If you are considering planting cool-season introduced grasses, there is still time to get started for 2018. There are two optimal times to plant cool-season grasses, in the late summer from around Aug. 1 to Sept. 15 or in the spring from March 1 to April 30. Late-summer seedings depend on late-summer and fall rains, and seedings should not take place if the soils are dry or if there are projections of extended drought.
About 48% of the annual precipitation in western Nebraska falls from April 1 to June 30. Spring and early-summer precipitation, while difficult to predict, is the most important factor in the establishment of grasses following a spring planting. Climate projections like those found at the Climate Prediction Center can help make decisions on whether to plant this year or wait until conditions appear more favorable.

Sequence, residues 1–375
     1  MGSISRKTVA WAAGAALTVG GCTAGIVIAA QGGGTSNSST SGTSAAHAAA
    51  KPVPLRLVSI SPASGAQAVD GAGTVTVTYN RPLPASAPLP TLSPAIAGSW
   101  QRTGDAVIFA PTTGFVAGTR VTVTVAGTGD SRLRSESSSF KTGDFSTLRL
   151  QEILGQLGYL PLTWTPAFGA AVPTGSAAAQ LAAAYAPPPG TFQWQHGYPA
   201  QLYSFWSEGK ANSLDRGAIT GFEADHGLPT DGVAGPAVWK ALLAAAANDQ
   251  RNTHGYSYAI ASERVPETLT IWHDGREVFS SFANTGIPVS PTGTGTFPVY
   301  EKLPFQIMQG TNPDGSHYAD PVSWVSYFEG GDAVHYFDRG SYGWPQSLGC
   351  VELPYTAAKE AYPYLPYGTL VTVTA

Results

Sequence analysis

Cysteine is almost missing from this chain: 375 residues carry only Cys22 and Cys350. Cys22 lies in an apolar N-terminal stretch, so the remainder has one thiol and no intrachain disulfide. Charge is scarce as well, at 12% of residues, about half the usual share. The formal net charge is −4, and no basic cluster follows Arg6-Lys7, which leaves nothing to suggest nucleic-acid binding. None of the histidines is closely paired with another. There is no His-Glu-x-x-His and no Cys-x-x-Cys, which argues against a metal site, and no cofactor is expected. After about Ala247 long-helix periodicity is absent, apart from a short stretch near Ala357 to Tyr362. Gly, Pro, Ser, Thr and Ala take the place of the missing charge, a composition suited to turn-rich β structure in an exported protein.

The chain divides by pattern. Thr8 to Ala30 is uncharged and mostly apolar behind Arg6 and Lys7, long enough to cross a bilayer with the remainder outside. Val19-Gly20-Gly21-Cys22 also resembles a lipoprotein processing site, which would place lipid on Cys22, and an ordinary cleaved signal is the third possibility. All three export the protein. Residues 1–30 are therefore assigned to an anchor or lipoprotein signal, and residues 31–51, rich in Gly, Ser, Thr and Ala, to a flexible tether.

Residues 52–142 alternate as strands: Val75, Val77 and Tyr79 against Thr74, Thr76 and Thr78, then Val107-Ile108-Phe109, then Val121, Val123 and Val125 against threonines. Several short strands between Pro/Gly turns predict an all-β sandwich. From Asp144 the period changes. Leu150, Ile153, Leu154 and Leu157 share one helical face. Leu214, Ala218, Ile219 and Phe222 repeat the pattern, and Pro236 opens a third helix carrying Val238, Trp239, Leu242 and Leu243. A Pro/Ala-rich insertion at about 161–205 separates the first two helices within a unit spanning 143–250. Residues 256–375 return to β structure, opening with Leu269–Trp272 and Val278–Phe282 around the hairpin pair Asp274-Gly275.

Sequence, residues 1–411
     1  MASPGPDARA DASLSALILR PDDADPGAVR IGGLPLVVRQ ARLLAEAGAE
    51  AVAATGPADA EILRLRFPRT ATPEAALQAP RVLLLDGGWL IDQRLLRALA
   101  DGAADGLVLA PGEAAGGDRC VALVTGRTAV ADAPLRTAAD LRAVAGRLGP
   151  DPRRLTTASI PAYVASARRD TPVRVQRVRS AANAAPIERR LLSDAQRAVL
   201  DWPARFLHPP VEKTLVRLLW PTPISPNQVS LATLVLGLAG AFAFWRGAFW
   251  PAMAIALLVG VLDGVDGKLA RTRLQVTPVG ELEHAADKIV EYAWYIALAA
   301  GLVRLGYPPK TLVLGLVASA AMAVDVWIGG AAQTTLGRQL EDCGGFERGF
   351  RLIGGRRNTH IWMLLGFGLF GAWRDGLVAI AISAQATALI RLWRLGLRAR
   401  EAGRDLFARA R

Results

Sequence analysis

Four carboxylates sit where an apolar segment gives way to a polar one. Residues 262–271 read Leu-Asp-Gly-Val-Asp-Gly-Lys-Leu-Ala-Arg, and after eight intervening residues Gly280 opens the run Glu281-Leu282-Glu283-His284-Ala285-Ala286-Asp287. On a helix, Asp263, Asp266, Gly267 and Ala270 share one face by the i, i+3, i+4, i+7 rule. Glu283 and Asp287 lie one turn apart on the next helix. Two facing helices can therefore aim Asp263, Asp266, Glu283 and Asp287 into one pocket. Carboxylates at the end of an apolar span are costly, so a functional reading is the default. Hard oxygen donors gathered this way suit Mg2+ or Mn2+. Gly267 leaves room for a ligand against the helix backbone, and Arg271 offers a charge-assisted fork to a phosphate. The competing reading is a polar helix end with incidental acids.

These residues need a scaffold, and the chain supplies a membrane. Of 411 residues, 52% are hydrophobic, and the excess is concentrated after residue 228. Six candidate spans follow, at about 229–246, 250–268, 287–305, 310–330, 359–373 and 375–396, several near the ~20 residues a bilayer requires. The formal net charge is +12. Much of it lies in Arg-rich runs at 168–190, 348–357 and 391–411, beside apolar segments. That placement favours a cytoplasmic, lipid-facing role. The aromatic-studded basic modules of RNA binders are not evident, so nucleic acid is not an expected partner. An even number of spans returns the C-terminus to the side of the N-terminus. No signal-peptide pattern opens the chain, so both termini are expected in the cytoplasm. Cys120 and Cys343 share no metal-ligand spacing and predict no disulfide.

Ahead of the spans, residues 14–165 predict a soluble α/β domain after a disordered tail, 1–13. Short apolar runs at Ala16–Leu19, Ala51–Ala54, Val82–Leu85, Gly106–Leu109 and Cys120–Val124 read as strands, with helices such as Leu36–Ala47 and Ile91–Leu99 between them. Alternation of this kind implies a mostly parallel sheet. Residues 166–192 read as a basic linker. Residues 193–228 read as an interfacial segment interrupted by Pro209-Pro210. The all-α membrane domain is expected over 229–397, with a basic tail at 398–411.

Summer annual weeds like kochia, marestail and yellow foxtail are typically more problematic with spring seedings compared to fall seedings. Planting early in the spring can give the grasses a competitive advantage over weeds.
If weeds become a problem and are overshadowing emerging grass tillers, they can be mowed at a relatively high clearance to reduce weed heights while still maintaining leaf area on the grasses. Herbicides like 2,4-D ester at a rate of 1 pint per acre can provide control of broadleaf weeds, but tillers of the seeded species should have at least five leaves and be over 6 to 8 inches tall before applying this herbicide. If grasses establish well in the first year, weeds will typically not be as big of a problem in following years. However, if weeds are present, controlling them will help the grass stand thicken and maintain production.
Planting into wheat or other small-grain stubble provides a suitable and firm seedbed for perennial grass establishment. Stubble also provides good erosion control while the seedlings are being established. It is important to delay planting for at least 30 days after grain harvest and to control volunteer growth before seeding perennial grasses.
What about management?